Monday, July 17, 2006

All Lies

This is an interesting article on stem cell research. The author makes the distinction between embryonic stem cell research and stem cell research. He also has some interesting things to say on the timeline of when stem cell research might have results. People always think we're only a few weeks away from a cure for every terrible disease out there. But they're wrong.

Thursday, July 13, 2006

Case In Point: A Rant, Part 2

Disclaimer: See post below for details. Please remember that I strongly believe that all humans are created equal (but have differences). The purpose of my post is to express my dissatisfaction with the messages of modern feminism. I believe it hurts women just as much as it hurts men, even if this deals mainly with the guy's side of the issue.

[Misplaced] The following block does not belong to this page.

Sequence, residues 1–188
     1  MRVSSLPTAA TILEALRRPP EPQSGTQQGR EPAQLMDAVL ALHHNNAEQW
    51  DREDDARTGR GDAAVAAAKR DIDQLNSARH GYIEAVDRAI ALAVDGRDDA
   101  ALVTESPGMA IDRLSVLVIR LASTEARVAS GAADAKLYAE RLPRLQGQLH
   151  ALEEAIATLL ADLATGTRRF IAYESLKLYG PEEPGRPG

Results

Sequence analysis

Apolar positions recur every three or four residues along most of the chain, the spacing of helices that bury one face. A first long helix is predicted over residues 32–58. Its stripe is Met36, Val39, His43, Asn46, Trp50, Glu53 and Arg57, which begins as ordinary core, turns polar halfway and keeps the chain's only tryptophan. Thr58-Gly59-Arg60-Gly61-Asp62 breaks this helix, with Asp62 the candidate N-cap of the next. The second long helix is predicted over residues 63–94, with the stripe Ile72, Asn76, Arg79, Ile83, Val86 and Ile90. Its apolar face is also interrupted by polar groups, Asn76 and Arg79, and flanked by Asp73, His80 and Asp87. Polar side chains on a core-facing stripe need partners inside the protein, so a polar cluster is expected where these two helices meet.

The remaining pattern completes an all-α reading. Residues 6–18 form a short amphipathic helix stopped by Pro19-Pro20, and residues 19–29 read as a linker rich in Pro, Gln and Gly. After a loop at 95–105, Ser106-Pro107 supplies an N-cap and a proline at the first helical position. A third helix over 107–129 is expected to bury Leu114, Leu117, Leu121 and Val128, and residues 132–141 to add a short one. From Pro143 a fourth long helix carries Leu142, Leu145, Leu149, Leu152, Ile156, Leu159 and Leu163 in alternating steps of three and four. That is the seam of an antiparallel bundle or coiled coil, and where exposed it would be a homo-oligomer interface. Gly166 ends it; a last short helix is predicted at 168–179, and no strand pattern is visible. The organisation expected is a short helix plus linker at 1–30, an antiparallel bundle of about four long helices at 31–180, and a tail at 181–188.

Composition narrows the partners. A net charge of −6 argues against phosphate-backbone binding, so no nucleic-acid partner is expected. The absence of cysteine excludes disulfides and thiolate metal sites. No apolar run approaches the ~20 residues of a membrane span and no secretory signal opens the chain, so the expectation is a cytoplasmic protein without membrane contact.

I found this article on MSN today and noticed how much it proved several of my points from the previous post. The article concerns the disconnect in a marriage that occurred after the birth of the first child. It gives the wife's perspective, the husband's perspective and then the therapist's perspective and suggested methods to deal with the problems in order for the couple to have a happy marriage. The interesting thing about this article is that it details the wife's perspective as more legitimate from the start and attempts to cut down on anything negative that she might add to the relationship difficulties. The man's perspective is overruled and he is asked to change far more than his wife. For clarity's sake I'll address each perspective in turn and then discuss the therapist's recommendations.